By Shawn Regan
---- — HAVERHILL — Scott Wood, in his 10th year on the School Committee, is considering a bid for City Council.
Wood, 29, a 2001 Haverhill High School graduate and the city’s youngest elected official, said he is likely to run for council and will decide for sure by the end of next month. If elected to the council, he said he has not decided if would resign his School Committee position or finish out his term, which has two years remaining.
Nomination papers for nine city council spots, three School Committee seats and mayor are available starting May 8 — the unofficial kick-off of election season.
The last day to take out papers for city’s fall elections is July 26. To get on the ballot, the papers are due back to the clerk with signatures from at least 50 registered voters by July 30.
Wood, a manager at a local mortgage banking company, said his priorities on the council would be fiscal responsibility and keeping taxes down, holding employees accountable for their performance and actions, and bolstering the police department with more resources and new programs.
Wood, who has degrees in public administration and criminal justice, said he would like to be involved with growing the rail trail the city is building in Bradford along the Merrimack River. He also want to re-establish the police department’s community policing program, which he said has dwindled in recent years due to budget cuts.
“The mayor says crime is down. I can’t speak to the numbers, but the perception out there is that we need to do more to make people feel safe,” Wood said. “The police department’s efforts right now seem to be limited to responding to calls for service rather than preventing trouble. One of the best ways to prevent crime is with community policing, which was much bigger in the 1990s when we had police sub-stations in high-crime areas. I want our officers out on the streets talking to people, especially children and the elderly, and meeting with neighborhood groups.”
Wood, who is on the mayor’s downtown zoning committee, said he is a big supporter of the rail trail project and would like to have a role in seeing it move forward. Being on the council would allow that, he said.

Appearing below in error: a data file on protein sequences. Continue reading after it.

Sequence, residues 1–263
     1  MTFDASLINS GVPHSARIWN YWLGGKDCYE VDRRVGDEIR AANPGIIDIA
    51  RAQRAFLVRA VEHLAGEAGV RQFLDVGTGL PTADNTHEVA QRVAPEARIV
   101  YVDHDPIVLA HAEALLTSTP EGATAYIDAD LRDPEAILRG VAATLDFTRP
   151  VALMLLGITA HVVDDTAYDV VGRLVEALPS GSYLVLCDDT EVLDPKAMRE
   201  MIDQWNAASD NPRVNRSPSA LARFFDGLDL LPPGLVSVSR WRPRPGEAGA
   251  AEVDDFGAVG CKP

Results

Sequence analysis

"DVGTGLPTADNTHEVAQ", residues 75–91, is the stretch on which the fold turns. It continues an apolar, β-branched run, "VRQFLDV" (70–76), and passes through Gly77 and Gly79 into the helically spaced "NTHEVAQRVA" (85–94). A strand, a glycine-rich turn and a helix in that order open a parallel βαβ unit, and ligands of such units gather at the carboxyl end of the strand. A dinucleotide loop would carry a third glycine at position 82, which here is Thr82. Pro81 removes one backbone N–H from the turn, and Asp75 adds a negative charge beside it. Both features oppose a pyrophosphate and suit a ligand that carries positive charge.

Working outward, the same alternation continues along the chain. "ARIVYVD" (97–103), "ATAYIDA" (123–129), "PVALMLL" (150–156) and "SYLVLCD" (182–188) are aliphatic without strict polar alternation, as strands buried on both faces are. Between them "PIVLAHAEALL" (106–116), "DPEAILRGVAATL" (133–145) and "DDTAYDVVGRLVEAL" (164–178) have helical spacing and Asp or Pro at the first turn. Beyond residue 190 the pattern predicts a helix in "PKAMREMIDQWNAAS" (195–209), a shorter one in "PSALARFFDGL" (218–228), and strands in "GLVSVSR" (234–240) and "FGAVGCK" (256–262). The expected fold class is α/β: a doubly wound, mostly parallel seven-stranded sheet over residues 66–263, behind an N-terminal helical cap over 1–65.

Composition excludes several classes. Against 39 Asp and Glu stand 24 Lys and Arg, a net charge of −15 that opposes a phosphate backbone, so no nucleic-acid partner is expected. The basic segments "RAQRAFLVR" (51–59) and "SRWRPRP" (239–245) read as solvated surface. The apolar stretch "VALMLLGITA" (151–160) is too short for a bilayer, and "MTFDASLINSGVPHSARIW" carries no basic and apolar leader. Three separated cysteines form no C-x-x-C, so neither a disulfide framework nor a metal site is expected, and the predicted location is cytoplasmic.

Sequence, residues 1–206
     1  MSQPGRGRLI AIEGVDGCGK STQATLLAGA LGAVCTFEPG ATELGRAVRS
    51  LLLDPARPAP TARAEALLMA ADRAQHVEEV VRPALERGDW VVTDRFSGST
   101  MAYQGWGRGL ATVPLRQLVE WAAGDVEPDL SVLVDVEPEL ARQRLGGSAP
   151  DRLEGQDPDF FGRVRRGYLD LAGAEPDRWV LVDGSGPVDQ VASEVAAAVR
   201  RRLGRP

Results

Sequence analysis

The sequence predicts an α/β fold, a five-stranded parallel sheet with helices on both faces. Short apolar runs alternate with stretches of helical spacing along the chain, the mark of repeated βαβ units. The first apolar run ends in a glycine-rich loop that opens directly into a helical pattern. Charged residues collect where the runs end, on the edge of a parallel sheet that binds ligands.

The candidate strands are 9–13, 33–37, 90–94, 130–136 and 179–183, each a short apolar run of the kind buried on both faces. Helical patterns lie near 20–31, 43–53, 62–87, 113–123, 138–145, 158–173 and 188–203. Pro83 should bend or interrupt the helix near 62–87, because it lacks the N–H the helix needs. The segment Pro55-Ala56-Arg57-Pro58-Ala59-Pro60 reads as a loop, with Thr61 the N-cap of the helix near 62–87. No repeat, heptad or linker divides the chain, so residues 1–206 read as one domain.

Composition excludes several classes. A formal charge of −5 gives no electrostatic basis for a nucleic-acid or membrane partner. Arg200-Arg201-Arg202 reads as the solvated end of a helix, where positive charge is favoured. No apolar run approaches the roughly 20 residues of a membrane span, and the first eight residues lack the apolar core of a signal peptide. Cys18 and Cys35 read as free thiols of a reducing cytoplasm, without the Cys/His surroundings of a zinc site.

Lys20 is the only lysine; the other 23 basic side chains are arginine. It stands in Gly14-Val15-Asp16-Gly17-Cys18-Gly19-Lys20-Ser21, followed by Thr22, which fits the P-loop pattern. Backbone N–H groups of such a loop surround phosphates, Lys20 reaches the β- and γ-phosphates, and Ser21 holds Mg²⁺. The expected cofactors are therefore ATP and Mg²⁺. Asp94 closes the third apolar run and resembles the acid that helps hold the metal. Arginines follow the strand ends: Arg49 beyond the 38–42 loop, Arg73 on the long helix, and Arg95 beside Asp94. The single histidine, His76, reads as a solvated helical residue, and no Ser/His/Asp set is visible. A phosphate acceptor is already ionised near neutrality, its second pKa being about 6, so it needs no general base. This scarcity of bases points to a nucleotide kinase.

Wood was elected to his third, four-year term on the School Committee last year. Since joining the board 10 years ago, he has served as president and vice president. He counts his role negotiating the most recent teachers contract and the hiring of Superintendent James Scully two years ago among his biggest accomplishments.
“The teacher contract was a long and tough process, but the agreement included low pay raises and health care reforms that have saved the city hundreds of thousands of dollars,” Wood said.
On the school board, Wood has resisted efforts to close many of the city’s many small, neighborhood schools. In 2005 he led a controversial and unsuccessful effort to privatize the school custodial operation.
Wood is a member of the Greater Haverhill Boys and Girls Club and the Arc of Greater Haverhill-Newburyport, an organization that helps people with developmental disabilities. He also coaches youth basketball at the Haverhill YMCA.
Every two years, voters elect their mayor, nine councilors and three School Committee members. The mayor and councilors serve for two years. The School Committee seats are for four years, but they rotate, with three of the six available every two years. School Committee members get $5,000 per year and councilors get $8,000. The mayor’s annually salary is $90,000.
The municipal election is Nov. 5, with a preliminary contest Sept. 17 if necessary. Preliminary elections are held if there are more than double the number of candidates for available seats or positions. For instance, a preliminary would be held if there are 19 council candidates, seven school candidates or three people vying for mayor.